Our last observing attempt of Venus was on April 25. We observed the planet with the Galilean telescope and the modern telescope, using all three possible aperture sizes: no stop, 25mm stop and 15mm stop. The phase of Venus could not be discerned conclusively on any of the three aperture sizes with the Galilean telescope. In all three cases Venus had too much glare surrounding it to clearly make out the shape. Knowing what to look for and expect, we were willing to believe we could see the phase, but without prior knowledge of what it should have been, we cannot say we would have noticed it. In the modern telescope it is a different case. With the 15mm stop in place, there was no doubt on the part of Karl and Travis that the phase could be discerned. Venus appeared to be just slightly over half full, which is not what predicted. On the other two aperture sizes, it was not so clear, but knowing what to expect led us to believe we could just make out the phase. Only with the modern sixteen power at 15 mm aperture was the phase of Venus unequivocally determined. In all other cases there was too much glare to be certain.
In our opinion, our failure is either a magnification effect or possibly an optical defect. The fact that Venus still showed lots of glare with the 15mm stop in the Galilean but not in the modern suggests optical defects of some sort. However, Venus is still very small in both telescopes, so magnification is also a factor. A more powerful Galilean telescope would likely reveal the phase.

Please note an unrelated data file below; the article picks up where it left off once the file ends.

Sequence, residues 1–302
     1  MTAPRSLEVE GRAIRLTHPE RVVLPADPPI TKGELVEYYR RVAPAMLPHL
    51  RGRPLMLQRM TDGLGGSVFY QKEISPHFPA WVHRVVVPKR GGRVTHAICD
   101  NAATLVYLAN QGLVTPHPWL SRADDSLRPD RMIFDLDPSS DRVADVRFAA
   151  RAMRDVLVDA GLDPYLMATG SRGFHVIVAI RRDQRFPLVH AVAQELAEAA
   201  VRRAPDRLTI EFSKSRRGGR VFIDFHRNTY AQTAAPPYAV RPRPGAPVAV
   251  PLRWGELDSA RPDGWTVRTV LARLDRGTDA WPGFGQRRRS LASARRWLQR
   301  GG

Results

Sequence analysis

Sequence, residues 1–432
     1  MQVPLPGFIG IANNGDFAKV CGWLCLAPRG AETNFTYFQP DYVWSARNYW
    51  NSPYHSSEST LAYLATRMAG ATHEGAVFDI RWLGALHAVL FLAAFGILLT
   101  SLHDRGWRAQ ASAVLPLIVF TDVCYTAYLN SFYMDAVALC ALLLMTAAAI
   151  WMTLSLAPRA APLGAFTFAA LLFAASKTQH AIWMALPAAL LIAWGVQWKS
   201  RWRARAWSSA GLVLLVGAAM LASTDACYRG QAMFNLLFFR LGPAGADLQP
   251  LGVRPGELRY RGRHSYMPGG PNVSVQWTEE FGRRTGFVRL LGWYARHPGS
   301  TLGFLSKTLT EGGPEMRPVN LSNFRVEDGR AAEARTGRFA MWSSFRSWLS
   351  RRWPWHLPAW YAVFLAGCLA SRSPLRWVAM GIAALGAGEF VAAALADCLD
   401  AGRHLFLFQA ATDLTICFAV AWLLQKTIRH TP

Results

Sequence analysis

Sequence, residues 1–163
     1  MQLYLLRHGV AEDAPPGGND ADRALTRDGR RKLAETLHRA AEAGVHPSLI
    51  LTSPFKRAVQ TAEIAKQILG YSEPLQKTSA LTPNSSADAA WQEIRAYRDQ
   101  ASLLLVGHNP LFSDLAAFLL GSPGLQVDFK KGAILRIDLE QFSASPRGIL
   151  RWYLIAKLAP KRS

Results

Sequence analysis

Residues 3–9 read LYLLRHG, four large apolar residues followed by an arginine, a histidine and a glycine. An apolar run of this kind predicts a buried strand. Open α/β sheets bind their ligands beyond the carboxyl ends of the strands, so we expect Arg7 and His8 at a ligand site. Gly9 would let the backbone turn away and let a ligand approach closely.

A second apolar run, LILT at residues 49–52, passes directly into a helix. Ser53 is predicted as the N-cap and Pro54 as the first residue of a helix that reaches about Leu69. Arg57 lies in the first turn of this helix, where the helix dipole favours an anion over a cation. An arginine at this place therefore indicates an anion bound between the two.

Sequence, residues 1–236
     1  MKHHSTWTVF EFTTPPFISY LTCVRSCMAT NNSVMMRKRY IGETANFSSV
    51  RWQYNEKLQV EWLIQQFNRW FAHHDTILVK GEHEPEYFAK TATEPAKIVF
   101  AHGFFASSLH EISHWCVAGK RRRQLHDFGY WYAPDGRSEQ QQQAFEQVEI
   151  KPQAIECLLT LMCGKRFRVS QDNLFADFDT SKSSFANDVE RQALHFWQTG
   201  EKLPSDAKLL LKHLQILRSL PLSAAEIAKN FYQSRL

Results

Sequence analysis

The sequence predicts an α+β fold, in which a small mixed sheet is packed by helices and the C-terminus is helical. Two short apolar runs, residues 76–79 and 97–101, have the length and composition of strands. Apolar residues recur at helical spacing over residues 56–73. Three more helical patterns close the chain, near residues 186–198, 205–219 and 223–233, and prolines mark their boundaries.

The most obvious improvement would be a more powerful telescope with better optics. It is not obvious that the phases of Venus can be resolved with a nine power device. Of course, we have only gotten one decent look with Venus, so perhaps when Venus assumes a more crescent appearance we might be able to note the phase change. At this point, it is still very much an uncertainty. Hopefully, one of the group members will be able to make more observations over the summer as Venus moves into its crescent phase.
Galilei, Galileo. Sidereus Nuncius or the Sidereal Messenger. Trans. and annotated by Albert Van Helden. Chicago: University of Chicago Press, 1989.
Data on the size and phase of Venus from:
Nautical Almanac Office, United States Naval Observatory, Secretary of the Navy, United States Congress. The Astronomical Almanac for the Year 1996. Washington: U.S. Government Printing Office, 1995.
The astronomy group also owes a tremendous debt of thanks to Dr. Albert Van Helden and Tom Williams for their knowledge and assistance.
Last updated 4/29/96
Last Revision: July 9, 2001